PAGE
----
Environmental crime in Australia
Australian Institute of Criminology
Environmental crime encompasses a wide range of activities and behaviours that produce environmental harm. These activities range from careless behaviour to those of a more deliberate nature. The first true environmental laws were not enacted in Australia until the 1970s and in the 40 years since then, a plethora of statutes have been introduced to proscribe behaviours deemed harmful to the environment. These laws restrict polluting and waste disposal practices, ban the trade in, and exploitation of, protected faunal (animal) and floral (plant) species, regulate recreational and commercial fishing, prohibit unauthorised clearance of native vegetation, promote sustainable forestry and circumvent illegal logging and reverse past practices of water overuse.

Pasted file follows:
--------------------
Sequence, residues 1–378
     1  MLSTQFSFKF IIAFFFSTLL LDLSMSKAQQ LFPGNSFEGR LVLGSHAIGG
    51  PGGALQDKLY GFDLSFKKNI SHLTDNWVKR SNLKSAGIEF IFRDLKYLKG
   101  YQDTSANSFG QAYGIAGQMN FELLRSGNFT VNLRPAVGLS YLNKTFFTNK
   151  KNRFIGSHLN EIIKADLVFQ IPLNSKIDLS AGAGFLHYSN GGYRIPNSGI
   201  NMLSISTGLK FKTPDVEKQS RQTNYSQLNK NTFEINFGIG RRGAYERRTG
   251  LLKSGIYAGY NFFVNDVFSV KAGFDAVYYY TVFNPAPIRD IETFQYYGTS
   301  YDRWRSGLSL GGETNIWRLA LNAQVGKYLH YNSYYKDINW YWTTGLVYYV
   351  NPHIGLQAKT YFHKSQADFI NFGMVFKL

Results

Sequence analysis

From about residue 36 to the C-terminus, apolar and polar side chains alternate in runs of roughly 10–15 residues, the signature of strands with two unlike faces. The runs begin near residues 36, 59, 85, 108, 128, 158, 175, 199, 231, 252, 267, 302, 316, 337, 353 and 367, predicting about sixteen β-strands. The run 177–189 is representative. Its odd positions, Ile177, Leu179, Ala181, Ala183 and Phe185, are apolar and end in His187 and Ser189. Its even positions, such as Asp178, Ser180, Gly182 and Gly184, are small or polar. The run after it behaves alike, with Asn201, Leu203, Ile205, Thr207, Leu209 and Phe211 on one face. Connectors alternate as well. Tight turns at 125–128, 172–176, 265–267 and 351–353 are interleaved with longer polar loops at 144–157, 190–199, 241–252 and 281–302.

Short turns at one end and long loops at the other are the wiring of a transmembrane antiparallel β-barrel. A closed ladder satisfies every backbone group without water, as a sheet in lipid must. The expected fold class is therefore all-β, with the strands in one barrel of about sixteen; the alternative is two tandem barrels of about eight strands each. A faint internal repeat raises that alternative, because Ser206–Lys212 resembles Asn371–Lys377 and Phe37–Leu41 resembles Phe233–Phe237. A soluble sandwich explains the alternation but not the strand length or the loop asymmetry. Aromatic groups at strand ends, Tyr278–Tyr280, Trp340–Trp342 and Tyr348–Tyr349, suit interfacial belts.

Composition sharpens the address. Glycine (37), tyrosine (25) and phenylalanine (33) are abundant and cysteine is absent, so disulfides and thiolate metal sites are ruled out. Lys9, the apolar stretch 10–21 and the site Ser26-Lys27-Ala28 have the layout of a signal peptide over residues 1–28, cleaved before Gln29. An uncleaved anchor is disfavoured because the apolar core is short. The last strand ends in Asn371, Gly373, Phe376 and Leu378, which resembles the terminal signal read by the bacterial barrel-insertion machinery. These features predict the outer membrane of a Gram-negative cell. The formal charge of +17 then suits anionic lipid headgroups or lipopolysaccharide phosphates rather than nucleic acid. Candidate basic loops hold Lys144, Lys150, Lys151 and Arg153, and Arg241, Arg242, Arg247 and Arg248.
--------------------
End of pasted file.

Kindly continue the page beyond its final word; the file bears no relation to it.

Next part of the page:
In recent years, the work of a number of Australian scholars has contributed to filling in these research gaps. This report adds to this small but growing collection by providing a comprehensive overview of environmental crime as it is perpetrated, detected and dealt with in Australia. Employing a stocktake of existing literature, the report summarises for the first time what is known about the current status of different typologies of environmental crime and the international, national and state/territory controls in place to deter harmful practices. The report also highlights the difficulties in monitoring and detecting environmental crimes and describes to what extent penalties are meted out (and to what effect). The variability in information gathered means that the report cannot estimate which of the environmental crimes are most commonly committed, nor the accumulated harms these crimes produce. It does, however, present commentary on, and can be used to identify, different motivations and the offender groups associated with different categories of environmental crime, the inherent risks for continuing or escalating behaviour and how this might intersect with current laws and regulatory approaches.